Student life at SMD, by Gyamtso and Kiran

I have been able to contact one of our kids, Tsewang, a gifted young artist, who has assured me that the near 240 children and staff of SMD are safe, though living outside under tarps. The school buildings have been severely damaged and rendered unsafe for use. Fortunately Tsewang's family is safe, but their village in Nubri, in the hardest-hit Ghorka region, has mostly been destroyed. His home is gone. Many of the children who board at SMD do not have homes anymore; their villages are simply gone, and some still do not know if their families are alive.

News has been slowly trickling in about the older artists who have now moved on from SMD (the school only goes up to 10th grade), and thankfully most are safe. However, one of my boys has been hospitalised after a wall fell on him, and at this point no one seems to know more about his condition, or exactly where he is. There are three other boys whom no one has heard from— one of whom is Pemba Gyaltsen, whose sketch is below.

People praying at Boudhanath Stupa, by Pemba Gyaltsen

If you would like to support the children of SMD in this difficult time, I have posted information on how to help on my blog. I will be posting updates on the situation, as well as photos of the kids and their artwork. I am forever grateful to all of you who have sent us supplies and support over the years. Please keep SMD, and the people of Nepal in your hearts and thoughts.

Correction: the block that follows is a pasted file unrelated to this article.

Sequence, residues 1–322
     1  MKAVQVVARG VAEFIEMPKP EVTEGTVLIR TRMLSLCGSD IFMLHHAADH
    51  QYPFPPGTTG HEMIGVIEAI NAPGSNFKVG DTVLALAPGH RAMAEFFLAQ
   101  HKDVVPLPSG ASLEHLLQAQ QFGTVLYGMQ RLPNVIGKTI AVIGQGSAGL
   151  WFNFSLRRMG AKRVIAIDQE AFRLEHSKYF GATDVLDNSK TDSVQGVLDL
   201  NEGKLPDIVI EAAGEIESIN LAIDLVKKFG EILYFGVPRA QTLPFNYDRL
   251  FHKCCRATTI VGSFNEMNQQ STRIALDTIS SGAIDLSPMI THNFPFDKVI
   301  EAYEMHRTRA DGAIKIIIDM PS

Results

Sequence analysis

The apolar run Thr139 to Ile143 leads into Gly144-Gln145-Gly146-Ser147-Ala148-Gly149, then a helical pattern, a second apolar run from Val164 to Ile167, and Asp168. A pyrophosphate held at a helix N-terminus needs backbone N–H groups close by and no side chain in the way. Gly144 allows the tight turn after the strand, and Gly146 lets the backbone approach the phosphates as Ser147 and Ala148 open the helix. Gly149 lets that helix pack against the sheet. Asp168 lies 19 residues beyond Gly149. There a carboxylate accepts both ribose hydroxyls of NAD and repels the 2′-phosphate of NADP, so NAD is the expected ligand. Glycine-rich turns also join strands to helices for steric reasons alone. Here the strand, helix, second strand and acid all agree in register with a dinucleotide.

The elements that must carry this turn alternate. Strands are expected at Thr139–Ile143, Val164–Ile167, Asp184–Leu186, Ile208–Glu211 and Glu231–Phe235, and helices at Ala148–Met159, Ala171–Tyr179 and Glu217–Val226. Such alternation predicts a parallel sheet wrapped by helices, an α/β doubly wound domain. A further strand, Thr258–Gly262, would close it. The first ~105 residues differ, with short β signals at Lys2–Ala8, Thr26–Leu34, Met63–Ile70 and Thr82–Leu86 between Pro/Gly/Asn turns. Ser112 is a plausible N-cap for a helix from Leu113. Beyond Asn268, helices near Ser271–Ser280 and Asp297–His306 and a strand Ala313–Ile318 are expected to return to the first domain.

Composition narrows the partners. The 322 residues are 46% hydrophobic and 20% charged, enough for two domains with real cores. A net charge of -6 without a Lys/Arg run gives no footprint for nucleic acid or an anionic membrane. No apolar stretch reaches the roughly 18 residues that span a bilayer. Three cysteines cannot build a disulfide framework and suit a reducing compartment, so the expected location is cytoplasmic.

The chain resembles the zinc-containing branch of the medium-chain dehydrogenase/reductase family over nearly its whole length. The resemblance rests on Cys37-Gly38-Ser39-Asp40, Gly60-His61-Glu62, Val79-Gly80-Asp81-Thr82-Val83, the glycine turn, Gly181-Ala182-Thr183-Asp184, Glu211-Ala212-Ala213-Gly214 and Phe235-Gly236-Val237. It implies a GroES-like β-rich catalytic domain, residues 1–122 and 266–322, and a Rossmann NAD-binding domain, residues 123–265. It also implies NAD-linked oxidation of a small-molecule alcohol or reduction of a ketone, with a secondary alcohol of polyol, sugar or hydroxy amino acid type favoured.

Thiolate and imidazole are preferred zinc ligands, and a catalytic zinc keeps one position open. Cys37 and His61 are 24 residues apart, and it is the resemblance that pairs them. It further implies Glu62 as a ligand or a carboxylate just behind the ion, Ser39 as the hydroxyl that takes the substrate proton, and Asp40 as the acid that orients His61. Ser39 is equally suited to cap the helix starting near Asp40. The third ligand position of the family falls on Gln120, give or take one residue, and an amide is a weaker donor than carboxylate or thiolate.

Drawing Attention – May 2015

Urban Sketchers Events and Workshops

You still have time to register for the Urban Sketchers Symposium in Singapore July 22-25. Workshop passes are still available – get them while they last! Unlimited sketching passes are available. Join us for the fun!

Sketch in Naples with Simo Capecchi and Caroline Peyron! This exciting workshop in October will feature painting on Ischia Island around Aragonese Castle. Plein air oil painter Kelly Medford will demo oil painting techniques.

News from Urban Sketchers Communities

Urban Sketchers Switzerland received fantastic television coverage in March on the Swiss National Television program "Kulturplatz." The program featured urban sketchers Boris Zatko, Urs Lauber and Andre Sandmann. In addition to showing sketchers in action, the show featured Andre talking about Urban Sketchers and the USk blog. The program has been broadcasted in Switzerland, Germany and Austria.